The full rate of corporation tax remained at 28 per cent from April 1, 2009, and is proposed to remain at this level through to March 31, 2011.
Child Tax Credit
Increases to the child tax credit had already been brought forward to April 2009.
Investment bonds and pensions contributions can be useful in preserving this income. Investment bonds allow up to a five per cent a year to be withdrawn without triggering a tax charge. This allowance is cumulative so if no withdrawals are made in year one, 10 per cent can be withdrawn in year two.
The allowance continues until all of the original investment has been withdrawn. Withdrawals within the five per cent allowance are not counted as income which means that they will not erode or eliminate tax credits; and the impact of chargeable event gains on tax credits can largely be controlled by careful timing of encashments. Pension contributions can reduce the income counted for tax credits, which means they can help to preserve child tax credit.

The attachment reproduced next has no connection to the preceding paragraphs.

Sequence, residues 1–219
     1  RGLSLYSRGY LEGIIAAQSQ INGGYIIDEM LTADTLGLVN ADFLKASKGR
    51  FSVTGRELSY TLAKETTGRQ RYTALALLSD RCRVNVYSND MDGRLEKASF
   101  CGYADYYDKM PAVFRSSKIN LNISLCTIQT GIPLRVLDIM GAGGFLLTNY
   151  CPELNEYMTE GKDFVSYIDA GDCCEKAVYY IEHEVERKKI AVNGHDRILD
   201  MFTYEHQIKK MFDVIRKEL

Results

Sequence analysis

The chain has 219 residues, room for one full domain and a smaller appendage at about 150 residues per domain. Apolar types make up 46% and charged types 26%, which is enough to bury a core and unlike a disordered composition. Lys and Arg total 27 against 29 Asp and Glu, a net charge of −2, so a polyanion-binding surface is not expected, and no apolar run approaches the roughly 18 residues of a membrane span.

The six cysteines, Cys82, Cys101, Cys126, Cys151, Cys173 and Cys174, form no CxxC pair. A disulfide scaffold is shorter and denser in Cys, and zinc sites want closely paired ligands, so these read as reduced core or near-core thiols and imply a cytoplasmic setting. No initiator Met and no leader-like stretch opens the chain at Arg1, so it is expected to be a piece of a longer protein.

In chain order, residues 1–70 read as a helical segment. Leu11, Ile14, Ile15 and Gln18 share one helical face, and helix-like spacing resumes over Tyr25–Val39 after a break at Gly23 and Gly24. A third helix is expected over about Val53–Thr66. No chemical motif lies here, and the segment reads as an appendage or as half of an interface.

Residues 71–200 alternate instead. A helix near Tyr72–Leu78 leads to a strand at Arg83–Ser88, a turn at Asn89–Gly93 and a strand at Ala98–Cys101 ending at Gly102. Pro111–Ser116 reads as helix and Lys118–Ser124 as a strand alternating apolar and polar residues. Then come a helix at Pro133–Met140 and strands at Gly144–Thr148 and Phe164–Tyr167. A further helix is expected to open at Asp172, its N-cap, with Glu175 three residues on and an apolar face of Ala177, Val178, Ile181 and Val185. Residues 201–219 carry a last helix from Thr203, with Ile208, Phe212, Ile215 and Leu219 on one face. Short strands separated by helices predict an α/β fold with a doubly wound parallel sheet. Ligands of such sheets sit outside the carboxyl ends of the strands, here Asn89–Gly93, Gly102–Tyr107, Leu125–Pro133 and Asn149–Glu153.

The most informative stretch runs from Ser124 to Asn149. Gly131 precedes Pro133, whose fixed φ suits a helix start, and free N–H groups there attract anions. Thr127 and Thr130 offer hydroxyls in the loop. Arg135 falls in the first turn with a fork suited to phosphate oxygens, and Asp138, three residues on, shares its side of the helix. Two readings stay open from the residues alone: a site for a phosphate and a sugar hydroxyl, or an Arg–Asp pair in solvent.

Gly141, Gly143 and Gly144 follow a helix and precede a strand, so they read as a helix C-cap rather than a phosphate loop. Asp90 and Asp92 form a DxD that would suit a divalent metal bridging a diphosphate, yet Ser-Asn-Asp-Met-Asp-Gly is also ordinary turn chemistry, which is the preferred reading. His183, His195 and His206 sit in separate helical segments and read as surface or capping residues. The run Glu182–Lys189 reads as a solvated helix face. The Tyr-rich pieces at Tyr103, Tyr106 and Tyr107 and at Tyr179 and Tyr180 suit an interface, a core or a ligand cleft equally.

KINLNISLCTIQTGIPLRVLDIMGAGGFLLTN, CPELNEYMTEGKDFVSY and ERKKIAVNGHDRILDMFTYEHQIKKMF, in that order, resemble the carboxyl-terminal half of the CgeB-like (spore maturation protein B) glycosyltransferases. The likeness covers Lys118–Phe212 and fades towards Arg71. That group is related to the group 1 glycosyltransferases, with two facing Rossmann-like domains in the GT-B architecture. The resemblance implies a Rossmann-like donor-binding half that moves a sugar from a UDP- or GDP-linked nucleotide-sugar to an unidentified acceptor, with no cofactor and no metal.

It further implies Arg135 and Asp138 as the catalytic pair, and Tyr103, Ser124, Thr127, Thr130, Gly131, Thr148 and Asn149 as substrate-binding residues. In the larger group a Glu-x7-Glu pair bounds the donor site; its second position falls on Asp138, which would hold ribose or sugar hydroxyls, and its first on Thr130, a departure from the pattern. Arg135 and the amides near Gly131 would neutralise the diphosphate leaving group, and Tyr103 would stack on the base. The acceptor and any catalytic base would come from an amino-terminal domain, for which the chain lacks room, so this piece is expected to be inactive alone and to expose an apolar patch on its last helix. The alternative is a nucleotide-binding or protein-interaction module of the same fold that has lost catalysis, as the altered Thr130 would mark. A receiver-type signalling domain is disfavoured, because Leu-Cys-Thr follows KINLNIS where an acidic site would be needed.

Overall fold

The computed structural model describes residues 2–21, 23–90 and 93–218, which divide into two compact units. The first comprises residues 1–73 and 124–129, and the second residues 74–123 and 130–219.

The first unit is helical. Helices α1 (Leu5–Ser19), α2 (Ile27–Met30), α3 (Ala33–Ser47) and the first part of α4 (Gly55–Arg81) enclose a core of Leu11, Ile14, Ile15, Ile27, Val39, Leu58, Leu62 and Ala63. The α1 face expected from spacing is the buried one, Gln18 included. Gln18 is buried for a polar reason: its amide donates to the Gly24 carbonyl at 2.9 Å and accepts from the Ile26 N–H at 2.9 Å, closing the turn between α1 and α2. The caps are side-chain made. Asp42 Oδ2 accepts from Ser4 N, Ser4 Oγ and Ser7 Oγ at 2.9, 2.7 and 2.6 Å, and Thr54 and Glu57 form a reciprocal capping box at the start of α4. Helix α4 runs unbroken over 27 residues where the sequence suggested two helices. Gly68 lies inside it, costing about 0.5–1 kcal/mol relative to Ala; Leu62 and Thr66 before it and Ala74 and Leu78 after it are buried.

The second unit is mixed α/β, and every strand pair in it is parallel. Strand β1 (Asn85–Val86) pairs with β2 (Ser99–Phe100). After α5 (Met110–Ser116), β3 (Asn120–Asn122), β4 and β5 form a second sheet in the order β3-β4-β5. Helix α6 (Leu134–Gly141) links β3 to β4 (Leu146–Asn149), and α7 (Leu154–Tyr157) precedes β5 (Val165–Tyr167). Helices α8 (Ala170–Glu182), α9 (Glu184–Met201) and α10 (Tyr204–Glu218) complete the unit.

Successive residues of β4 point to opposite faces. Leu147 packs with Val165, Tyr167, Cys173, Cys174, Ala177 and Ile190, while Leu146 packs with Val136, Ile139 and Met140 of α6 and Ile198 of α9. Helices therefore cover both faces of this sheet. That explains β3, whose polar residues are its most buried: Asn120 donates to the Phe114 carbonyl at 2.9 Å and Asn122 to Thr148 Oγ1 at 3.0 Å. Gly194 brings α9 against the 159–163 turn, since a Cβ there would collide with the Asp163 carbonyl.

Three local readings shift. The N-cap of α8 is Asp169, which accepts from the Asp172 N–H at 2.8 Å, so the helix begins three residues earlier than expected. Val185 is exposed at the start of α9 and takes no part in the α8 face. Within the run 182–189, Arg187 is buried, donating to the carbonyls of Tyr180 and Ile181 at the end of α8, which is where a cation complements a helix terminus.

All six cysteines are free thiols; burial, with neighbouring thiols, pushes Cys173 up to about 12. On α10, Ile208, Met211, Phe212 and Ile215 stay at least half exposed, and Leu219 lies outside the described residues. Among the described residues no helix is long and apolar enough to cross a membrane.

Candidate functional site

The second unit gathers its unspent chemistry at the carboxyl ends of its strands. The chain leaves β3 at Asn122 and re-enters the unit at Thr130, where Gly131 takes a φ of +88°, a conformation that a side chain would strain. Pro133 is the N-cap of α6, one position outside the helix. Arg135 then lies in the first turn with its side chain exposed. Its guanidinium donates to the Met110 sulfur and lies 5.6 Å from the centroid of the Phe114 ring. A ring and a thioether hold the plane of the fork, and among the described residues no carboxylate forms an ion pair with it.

Review of Offshore Financial Centres
Last year the Chancellor promised that initial recommendations of a review of the UK’s crown dependencies and overseas territories would be available this spring.
A progress report has been issued which confirms that recommendations will not be made on specific tax regimes and rates as these are a matter for the Governments concerned. It also indicates a willingness to clarify the importance of existing tax regimes as a factor in attracting and retaining financial services business and in supporting the current economic models of the financial centres. The consultation period ends on June 5.
The impact of the review remains to be seen, however you should carefully monitor its progress to measure any impact it may have on individual financial planning arrangements.
Please contact John Westwood for further information. Call 289 355 685 or email [email protected]